If you keep on meditating on whatever comes up, your consideration becomes strong. Then you distinguish between rūpa-what is to be cognized and nāma, what cognizes, and you know how cause brings effect and how this cause and effect relation goes on. You know how new things arise and arise, and pass and pass away. Then you plainly see for yourself how things come and go without staying a moment. So all are impermanent. How death can come any moment. So all are suffering. How they happen in spite of yourself. So all are not self. Knowing all these is insight knowledge. While you are thus meditating, and as your insight develops there comes to you, the knowledge of the Ariyan Path and Fruition. If you reach the lowest of the Knowledge of the Path and Fruition of Sotāpatti, stream wining, you are saved from the four lower states of Apāya, for ever. You will be reborn to high and happy lives in the world of men and gods. Within seven births of these happy lives, you will reach the path and Fruition of Arahatship and become an Arahat. After Parinibbāna (or passing away) of the Arahat, no news births, no new rūpas and will be eternal peace.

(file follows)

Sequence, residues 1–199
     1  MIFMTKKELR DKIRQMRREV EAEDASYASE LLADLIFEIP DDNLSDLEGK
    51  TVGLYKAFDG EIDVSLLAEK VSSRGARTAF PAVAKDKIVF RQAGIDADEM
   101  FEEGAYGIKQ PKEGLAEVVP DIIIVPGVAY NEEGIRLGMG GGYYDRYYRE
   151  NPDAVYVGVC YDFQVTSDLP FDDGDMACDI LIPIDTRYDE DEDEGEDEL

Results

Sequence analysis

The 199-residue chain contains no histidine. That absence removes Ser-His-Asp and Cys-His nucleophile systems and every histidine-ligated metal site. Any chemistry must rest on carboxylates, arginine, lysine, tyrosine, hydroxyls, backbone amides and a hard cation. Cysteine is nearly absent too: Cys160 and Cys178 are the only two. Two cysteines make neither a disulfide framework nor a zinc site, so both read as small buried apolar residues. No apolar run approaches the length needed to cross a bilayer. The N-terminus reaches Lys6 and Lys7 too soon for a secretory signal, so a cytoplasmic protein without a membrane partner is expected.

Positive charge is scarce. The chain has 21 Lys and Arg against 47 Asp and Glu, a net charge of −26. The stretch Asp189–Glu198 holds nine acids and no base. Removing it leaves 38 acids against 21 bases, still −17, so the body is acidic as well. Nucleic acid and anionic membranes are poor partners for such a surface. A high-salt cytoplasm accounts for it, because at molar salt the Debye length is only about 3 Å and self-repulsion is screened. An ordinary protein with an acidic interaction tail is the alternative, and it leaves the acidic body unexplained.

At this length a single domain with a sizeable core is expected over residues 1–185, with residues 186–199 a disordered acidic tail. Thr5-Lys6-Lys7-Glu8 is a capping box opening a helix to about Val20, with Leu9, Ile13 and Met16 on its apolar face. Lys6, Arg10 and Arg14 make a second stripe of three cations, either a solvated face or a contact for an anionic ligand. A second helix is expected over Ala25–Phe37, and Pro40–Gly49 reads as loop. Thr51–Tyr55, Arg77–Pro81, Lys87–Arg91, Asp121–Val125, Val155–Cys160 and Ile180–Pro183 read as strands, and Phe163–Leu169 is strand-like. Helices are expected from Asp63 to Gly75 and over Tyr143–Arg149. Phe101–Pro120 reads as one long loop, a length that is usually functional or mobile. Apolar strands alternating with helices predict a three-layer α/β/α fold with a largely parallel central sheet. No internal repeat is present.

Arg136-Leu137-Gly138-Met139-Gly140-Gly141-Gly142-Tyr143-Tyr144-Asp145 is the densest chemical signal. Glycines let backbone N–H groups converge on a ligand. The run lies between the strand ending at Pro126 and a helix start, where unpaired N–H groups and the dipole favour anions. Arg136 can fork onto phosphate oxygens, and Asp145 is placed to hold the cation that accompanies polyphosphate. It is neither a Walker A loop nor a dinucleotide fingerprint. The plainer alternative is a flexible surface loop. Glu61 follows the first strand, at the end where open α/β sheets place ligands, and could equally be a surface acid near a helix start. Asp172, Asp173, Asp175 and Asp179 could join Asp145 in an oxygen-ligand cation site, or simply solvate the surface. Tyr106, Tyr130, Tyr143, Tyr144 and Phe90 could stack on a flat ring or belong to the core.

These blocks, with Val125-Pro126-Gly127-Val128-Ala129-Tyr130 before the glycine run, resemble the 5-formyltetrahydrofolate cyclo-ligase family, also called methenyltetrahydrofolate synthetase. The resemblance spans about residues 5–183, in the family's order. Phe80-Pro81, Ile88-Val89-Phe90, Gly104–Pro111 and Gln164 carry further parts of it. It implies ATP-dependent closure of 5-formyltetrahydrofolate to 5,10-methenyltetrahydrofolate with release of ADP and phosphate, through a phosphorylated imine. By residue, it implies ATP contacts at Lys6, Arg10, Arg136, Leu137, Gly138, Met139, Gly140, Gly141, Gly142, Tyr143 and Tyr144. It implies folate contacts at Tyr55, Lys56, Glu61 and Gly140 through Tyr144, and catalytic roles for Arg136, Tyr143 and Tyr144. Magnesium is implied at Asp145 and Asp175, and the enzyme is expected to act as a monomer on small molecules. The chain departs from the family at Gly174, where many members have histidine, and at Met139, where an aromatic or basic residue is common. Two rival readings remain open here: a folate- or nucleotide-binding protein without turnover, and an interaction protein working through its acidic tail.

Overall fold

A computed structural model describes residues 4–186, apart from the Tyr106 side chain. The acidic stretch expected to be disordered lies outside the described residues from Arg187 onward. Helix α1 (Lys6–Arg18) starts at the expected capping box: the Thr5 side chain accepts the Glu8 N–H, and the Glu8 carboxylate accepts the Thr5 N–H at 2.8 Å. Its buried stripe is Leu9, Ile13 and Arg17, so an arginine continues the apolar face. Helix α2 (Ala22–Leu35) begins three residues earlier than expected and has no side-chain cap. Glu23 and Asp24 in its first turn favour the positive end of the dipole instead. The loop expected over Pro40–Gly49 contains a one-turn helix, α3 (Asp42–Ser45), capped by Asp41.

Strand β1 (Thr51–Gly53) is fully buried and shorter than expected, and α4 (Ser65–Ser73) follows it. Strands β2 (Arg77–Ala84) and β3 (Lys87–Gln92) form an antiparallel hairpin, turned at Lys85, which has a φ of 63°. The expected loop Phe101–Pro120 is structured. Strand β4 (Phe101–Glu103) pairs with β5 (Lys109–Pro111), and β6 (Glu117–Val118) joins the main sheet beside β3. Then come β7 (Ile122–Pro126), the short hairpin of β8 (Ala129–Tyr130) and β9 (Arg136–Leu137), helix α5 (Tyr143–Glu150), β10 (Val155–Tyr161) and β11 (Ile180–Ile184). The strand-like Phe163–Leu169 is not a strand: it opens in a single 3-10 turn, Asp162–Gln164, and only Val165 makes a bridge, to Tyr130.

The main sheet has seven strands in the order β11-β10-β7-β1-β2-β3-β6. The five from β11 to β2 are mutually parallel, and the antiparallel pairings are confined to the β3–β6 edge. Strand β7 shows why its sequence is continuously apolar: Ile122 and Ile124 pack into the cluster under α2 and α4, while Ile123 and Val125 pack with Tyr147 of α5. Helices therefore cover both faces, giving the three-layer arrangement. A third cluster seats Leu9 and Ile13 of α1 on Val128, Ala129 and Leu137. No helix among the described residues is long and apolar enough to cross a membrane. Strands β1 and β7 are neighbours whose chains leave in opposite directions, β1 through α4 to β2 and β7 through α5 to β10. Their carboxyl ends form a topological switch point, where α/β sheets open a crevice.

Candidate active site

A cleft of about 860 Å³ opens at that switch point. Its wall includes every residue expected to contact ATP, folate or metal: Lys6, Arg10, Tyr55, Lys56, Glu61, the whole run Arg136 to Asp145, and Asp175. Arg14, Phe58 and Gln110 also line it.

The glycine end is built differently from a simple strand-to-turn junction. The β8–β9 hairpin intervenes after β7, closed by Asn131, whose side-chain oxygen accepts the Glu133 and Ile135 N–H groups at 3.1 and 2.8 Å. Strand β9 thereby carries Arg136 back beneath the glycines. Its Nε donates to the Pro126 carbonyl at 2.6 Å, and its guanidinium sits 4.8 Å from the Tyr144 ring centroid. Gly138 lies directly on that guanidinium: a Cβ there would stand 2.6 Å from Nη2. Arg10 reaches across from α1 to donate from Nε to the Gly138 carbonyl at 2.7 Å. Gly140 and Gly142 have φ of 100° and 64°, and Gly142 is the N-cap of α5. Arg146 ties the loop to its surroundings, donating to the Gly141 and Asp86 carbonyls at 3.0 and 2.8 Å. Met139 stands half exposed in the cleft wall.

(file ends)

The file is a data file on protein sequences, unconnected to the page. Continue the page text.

So, by meditating on the arising material forms and mental qualities beginning with the rising and falling, and making efforts, may you develop the insight knowledge that realizes the impermanent, suffering and not-self nature of the rūpas and nāmas and may you very soon reach the Ariyan Path and fruition and Nibbāna!

Sādhu!    Sādhu!     Sādhu!